Q&a -- Shannon Brownlee

More Money, Less Health

An acclaimed journalist says $700 billion in excessive spending on drugs and

high-tech health care actually makes millions of Americans sicker

January 27, 2008|By David Kohn | David Kohn,Sun Reporter

By now you surely know the U.S. health care system is massively messed up. But the question is why.

A few years ago, health journalist Shannon Brownlee was going through some global health statistics. She noticed that even as U.S. health care costs were rising steadily, Americans were not getting healthier. How to explain this apparent paradox?

Brownlee became fascinated and began to collect data in search of answers. The result is Overtreated: Why Too Much Medicine Is Making Us Sicker and Poorer, her analysis of how American health care has failed. The book has received good reviews and was praised by one prominent economics columnist as the best business book of 2007.

Brownlee, who worked for many years as a correspondent for U.S. News & World Report, says that U.S. doctors and hospitals offer more care -- specifically, more expensive, and unproven, care -- than necessary, inflating costs and sometimes even endangering patients. She argues that between 20 percent and 30 percent of health care spending is wasted on useless treatments and hospitalizations.

Last week, Brownlee, who lives in Annapolis with her husband and 12-year-old son, talked to The Sun about the perils of doing too much, and what might cure this ailment.

What's the key problem with our health care system?

Most physicians think of themselves as businessmen and -women. It's all based on the way we reimburse doctors and hospitals. Most payments to doctors and hospitals are called fee-for-service. In other words, they get paid for doing something, either having an office visit, giving you a test, putting you in the hospital, a consult in the hospital. This fee-for-service system basically rewards doctors and hospitals to do more rather than to do better. That's the central problem, I think, is the payment system. It's providing all these perverse incentives to do more.

Are doctors too greedy?

I don't see doctors as any greedier than any other group of people. Physicians are working within a system. And like a fish doesn't know it's in water, a lot of doctors don't know their own system. They don't understand how the medical industry works. They're dong the best they can within their own world, not realizing the larger forces that are upon them.

How big is the U.S. health care industry?

This is a $2.1 trillion industry. It's one of the biggest industries on the planet. You've got this enormous industry, a gigantic machine. And it is not producing the health it should, given the amount of money we've spent.

So what's a good example of overtreatment?

There's a good example now in the news, of this cholesterol drug Vytorin. Vytorin is an anti-cholesterol medicine that is actually made up of two separate drugs. One of these drugs is Zocor, which is an old-line statin anti-cholesterol drug. And the other one is a drug called Zetia. And the two together are supposed to work as a 1-2 punch against cholesterol.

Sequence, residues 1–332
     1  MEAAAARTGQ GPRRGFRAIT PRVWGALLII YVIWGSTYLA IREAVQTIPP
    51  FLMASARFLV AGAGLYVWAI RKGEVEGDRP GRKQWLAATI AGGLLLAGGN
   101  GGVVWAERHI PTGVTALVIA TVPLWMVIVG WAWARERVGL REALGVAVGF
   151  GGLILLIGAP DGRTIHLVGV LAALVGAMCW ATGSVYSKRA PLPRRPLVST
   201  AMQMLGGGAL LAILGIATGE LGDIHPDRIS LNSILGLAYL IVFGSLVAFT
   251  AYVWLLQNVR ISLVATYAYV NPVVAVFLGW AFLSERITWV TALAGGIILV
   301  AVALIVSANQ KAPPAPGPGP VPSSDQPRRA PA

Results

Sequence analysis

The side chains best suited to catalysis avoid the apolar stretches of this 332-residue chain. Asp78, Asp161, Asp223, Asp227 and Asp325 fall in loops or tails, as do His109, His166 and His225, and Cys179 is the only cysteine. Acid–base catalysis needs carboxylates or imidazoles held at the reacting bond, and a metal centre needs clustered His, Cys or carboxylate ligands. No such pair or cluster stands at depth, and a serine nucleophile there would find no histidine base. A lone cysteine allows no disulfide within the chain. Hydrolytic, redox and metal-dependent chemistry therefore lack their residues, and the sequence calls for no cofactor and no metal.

There are a couple of problems here. One, the evidence that giving people who have never had a heart attack, who don't have outright heart disease, but only have risk factors for heart disease -- there's only a teensy, weensy, beensy little bit of evidence that maybe it might help some people. The vast majority of the evidence doesn't support the idea of giving statins to everybody on the planet.

Right now we're giving all kinds of people these drugs to prevent first heart attacks. There's lot of evidence that if you've already had a heart attack, taking a statin will lower your risk of having a second heart attack. But the vast majority of people taking these drugs have never had a heart attack. So this looks like a clear case of overtreatment. And now the new evidence says that Zetia may in fact possibly increase your risk of having a heart attack -- and millions of people have been prescribed this drug.

Why is this happening?

This is happening because the pharmaceutical industry and its allies in academic medicine have been very good at persuading physicians and their patients that the statin drugs are the be-all or end-all, that they really are reducing risk.

One way to think about it is this phrase "indication creep," which I really love. An indication is a diagnosis of a disease, for which you have some treatment. So the indication here would be heart attack, or risk of heart attack. Statin studies have looked at people who are at very high risk of having another heart attack. ... You study these people and you find you can really reduce their risk of heart attack. OK, it's probably a good idea to prescribe these drugs to people who have heart attacks.

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